Amanda Anderson is Director of Marketing at W-Systems, a CRM and marketing technology consulting company. She is experienced with lead generation, email marketing, social media marketing, webinars and events, and content marketing strategies. Amanda writes regularly for the W-Systems blog. Follow W-Systems Amanda on Twitter @A_SquaredTX.
1. In your experience, what is the single most important consideration when choosing a CRM and marketing automation solution?
When evaluating CRM and Marketing Automation solutions, companies should consider the costs and ability to integrate the two systems. Sometimes companies only focus on features within the application and not enough on how the system integrates with other key business applications. In addition to evaluating the core features, below are a few things companies should look for with regard to the integration capability:
- Is there a pre-built plugin to connect the two systems or do you need to hire a developer to build a custom integration?
- Is there an open API? Should you decide to build an integration or simply extend an existing one, it will be important for the application to have an API with documentation.
- If there is a pre-built plugin included:
- How robust is the integration? Does it meet your needs?
- How well supported is the connector? If the integration breaks,
will someone fix it?
- Is the Marketing Automation integration native to the CRM? From the CRM, can you report on the activity and view on desktop and mobile devices?
2. What’s a common misperception you see around CRM or marketing automation?
A common misperception we see around CRM and Marketing Automation is that once you purchase the system and turn it on, then you’re done. These technologies are a living and breathing thing and should never be left stagnant. Internal and external elements of the company are always changing and so should your processes and systems. Companies should evaluate their CRM and Marketing Automation solutions on a recurring basis to identify areas that can be optimized in either the process or the application.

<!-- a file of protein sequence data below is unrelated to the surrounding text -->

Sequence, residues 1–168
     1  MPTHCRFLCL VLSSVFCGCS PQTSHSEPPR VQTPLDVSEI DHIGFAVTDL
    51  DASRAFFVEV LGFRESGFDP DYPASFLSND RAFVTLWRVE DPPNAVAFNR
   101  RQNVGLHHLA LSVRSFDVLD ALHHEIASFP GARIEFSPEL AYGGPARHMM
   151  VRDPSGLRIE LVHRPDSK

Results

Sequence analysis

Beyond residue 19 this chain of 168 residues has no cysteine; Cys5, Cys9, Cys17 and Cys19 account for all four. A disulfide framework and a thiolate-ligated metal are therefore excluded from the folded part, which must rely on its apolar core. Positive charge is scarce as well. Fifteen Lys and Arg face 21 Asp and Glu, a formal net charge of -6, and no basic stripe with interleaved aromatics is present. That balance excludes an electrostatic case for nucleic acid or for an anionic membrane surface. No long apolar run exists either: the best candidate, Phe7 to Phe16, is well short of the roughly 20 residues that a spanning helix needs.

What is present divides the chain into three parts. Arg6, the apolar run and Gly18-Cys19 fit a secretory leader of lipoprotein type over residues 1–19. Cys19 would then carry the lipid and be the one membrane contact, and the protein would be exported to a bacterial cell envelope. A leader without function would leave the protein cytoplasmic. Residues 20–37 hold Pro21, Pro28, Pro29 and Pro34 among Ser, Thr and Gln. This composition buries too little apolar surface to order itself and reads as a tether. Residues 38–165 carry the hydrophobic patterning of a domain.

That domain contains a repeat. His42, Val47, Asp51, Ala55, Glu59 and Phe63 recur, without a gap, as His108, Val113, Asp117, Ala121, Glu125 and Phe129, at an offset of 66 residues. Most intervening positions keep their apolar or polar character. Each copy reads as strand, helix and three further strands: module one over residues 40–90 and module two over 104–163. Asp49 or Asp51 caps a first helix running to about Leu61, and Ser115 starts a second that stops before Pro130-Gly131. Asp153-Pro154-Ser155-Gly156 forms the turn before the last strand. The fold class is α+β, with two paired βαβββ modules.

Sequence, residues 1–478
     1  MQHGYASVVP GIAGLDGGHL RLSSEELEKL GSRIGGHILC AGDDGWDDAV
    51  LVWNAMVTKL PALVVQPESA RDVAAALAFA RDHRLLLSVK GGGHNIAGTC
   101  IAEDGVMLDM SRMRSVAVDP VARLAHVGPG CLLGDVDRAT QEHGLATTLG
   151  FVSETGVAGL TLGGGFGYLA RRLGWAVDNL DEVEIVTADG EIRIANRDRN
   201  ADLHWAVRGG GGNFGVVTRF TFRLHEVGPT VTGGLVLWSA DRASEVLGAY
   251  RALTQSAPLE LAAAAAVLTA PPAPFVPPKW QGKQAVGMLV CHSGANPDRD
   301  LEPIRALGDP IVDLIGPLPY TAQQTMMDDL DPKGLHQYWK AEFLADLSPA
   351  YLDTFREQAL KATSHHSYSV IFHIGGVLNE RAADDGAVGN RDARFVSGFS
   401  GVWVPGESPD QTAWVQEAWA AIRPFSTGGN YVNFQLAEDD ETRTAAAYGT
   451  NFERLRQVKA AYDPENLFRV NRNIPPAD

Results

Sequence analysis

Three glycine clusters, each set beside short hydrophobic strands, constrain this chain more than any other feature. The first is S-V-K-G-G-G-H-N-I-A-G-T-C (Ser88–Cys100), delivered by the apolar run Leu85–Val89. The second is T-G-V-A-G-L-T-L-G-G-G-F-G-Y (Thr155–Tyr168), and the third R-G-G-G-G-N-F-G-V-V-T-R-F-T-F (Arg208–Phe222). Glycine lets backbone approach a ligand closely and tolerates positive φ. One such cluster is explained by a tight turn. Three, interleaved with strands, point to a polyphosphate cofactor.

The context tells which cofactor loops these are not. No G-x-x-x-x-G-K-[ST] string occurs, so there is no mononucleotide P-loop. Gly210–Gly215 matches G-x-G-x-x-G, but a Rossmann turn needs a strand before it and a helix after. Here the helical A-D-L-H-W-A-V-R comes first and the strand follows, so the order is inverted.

3. How do you advise your customers to choose the right technology solutions for their needs?
Our philosophy is to find a technology solution that works with our customers’ business processes, instead of a solution that forces them to alter their business to work with the technology. Here are a few things we advise our customers to consider before implementing a new system:
- Involve the end-users in the requirements gathering and design process. This will help managers understand the current workflow of the users, and identify areas for automation. This will also encourage user buy-in and adoption because the system will be configured with them in mind.
- Fully understand and document your business processes before implementing a new system. If it is the first CRM or Marketing Automation system a company is deploying, they should fully understand how the technology will play into their existing workflow. Often companies find that their existing process is broken or non existent. Before customizing a solution, fully understand the process and then you can establish realistic outcomes and expectations for the technology being implemented.